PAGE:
The nation's retailers reported the weakest March sales in 13 years on Thursday as consumers -- fretting about mounting economic problems and enduring a frigid Easter -- limited their shopping to food and other essentials.

With prices at the pump rising and worries about jobs increasing, shoppers bought basics at discounters and wholesale clubs and snubbed mall-based chains' clothing, jewelry and furniture. The earliest Easter in 95 years also hurt sales; shoppers weren't in the mood to buy spring clothing in cold weather.

Wal-Mart Stores Inc. and Costco Wholesale Corp. were among the best performers. Wal-Mart raised its earnings outlook, noting that better inventory control helped to limit markdowns on merchandise.

But March proved to be another weak month for many others, including J.C. Penney Co., Gap Inc., and Limited Brands Inc. All of them reported sharp drops in sales.

"Discounters are going to continue to do well in this economy," said Ken Perkins, president of RetailMetrics LLC, a research company in Swampscott, Mass. "Anything that is discretionary is going to continue to be under pressure."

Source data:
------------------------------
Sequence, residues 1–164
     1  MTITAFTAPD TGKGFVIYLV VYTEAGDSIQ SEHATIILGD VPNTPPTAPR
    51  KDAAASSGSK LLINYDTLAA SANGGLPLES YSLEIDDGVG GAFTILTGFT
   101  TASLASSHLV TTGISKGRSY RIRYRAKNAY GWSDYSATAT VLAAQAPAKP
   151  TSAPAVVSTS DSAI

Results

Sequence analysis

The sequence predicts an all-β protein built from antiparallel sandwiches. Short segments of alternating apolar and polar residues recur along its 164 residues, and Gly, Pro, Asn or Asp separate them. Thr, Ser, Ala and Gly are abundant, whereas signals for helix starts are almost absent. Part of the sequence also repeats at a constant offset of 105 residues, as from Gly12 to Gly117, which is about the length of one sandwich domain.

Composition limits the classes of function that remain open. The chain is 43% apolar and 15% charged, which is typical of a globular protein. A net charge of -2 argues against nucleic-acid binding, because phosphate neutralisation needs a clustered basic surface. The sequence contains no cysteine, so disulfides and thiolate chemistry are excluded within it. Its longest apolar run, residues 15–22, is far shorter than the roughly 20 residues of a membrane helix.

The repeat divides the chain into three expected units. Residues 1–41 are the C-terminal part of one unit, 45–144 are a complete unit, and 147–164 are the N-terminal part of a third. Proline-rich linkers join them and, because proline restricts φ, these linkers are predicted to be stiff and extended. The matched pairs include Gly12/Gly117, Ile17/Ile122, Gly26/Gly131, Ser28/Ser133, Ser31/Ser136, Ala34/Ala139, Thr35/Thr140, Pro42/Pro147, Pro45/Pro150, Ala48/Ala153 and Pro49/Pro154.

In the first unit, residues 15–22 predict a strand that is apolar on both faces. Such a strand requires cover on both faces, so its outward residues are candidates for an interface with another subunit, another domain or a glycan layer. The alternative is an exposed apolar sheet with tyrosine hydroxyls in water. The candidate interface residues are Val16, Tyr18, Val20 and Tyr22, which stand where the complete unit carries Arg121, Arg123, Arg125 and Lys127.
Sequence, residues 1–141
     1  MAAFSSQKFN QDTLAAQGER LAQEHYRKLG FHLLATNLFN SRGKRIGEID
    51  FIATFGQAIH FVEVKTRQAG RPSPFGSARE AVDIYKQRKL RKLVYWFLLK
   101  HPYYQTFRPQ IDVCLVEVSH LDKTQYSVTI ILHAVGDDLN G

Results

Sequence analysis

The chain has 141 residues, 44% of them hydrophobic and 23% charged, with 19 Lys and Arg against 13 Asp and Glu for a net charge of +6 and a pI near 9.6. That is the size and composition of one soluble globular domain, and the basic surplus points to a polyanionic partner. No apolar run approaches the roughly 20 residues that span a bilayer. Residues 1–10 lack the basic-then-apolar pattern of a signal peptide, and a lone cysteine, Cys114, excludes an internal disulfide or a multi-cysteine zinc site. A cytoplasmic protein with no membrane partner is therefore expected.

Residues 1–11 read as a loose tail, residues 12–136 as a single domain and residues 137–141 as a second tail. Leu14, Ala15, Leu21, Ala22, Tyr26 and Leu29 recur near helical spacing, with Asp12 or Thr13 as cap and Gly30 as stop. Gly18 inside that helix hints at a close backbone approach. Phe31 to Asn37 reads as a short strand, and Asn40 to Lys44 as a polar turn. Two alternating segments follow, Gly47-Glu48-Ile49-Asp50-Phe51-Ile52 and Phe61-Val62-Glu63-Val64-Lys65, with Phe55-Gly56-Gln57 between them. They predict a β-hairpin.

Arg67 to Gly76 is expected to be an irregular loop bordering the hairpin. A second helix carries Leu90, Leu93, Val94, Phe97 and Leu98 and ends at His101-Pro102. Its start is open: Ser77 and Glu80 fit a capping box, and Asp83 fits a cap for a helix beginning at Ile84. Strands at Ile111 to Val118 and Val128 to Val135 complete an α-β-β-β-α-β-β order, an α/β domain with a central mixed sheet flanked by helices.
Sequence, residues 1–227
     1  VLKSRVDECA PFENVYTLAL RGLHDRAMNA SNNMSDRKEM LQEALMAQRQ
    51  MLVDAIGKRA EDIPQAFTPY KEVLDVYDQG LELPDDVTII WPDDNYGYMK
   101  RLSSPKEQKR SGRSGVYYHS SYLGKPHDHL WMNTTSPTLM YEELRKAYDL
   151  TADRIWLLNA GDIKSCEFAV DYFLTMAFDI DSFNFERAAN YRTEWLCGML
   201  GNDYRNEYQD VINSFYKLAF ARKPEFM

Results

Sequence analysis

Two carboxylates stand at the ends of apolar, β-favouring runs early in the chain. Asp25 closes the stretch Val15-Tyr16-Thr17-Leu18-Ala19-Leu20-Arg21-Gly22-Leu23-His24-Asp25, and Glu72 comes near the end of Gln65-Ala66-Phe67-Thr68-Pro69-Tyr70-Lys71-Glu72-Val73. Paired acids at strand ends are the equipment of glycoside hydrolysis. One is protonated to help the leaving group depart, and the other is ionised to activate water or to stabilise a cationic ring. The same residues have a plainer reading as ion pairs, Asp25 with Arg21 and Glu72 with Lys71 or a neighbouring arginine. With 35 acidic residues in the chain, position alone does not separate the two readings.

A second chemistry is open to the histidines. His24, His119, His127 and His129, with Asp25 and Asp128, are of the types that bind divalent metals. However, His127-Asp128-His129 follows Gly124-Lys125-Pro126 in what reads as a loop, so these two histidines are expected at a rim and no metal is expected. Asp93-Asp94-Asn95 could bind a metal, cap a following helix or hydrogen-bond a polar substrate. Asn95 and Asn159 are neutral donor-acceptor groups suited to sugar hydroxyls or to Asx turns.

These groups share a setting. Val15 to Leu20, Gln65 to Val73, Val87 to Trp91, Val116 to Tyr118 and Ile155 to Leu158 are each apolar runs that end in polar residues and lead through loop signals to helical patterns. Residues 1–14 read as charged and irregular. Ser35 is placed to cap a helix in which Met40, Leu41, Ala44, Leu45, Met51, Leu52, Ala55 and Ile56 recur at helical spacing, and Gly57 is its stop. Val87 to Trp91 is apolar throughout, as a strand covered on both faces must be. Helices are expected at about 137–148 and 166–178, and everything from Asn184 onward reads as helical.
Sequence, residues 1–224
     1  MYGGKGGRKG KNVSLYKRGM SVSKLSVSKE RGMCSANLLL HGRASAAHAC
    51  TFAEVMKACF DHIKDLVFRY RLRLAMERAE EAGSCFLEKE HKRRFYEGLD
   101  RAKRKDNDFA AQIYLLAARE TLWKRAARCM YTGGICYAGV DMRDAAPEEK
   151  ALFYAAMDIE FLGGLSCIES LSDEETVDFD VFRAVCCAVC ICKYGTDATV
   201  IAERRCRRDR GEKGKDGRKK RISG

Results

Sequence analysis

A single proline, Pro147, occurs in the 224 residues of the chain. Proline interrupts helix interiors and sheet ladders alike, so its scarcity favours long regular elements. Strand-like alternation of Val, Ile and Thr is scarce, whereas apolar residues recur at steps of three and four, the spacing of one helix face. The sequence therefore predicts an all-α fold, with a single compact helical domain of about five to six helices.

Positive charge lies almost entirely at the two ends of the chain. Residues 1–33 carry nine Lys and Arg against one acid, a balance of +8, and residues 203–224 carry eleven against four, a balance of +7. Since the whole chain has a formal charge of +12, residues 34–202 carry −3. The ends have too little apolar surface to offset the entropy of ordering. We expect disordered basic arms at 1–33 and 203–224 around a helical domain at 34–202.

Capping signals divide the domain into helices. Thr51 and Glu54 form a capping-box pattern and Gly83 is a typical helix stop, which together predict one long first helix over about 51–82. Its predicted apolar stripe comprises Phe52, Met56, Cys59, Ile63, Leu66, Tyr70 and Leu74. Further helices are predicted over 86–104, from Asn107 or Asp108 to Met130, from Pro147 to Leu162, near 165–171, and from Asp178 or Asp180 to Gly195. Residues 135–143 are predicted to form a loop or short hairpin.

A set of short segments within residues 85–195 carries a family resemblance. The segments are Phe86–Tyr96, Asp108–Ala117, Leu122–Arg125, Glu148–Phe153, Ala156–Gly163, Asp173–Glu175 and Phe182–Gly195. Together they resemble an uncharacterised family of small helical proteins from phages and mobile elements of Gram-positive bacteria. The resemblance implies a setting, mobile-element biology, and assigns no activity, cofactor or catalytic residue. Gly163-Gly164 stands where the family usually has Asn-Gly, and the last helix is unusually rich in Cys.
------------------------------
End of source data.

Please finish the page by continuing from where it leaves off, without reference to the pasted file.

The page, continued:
Here's a link to a sortable chart from the WSJ.

The bottom line is weakening job growth

Rising unemployment (although still at low levels)

Declining disposable income

Leads to lower confidence

And sentiment

Which lowers sales.

Let's take a look at the retail sector chart across a set of time frames

On the five year chart, notice the following:

This is a daily increment chart. Notice how prices are moving around the 200 day SMA. While there is a slight upward slope to the line, this is not the strongest slope we've ever seen. It's as much trading range as it is a rally.

Starting in July of last year, notice the chart starts to move lower in a big way. The chart is making lower lows and lower highs. Also note prices are about 10.6% below the 200 day SMA, indicating we're in a bear market area.

On the three month SMA chart, notice the following:

-- Remember that prices are below the 200 day SMA

-- The shorter SMAs are all moving lower

-- The 10 is below the 50 and the 20 is about to cross below the 50

-- Prices are below all the SMAs

Short version: this chart says sell me.

Securitizations Will Stay Around

From IBD:

Just like junk bonds in the 1980s, this decade's mortgage-backed securities carry the demon label.

Back then, brainy bankers repackaged high-yield junk into complex securities, just like subprime mortgage debt.

Still, junk bonds rebounded. Most high-yield debt issued by U.S. companies now goes toward general corporate purposes, not buyouts like 25 years ago.

Mortgage-backed securities will bounce back, too, experts say, though reforms are much needed.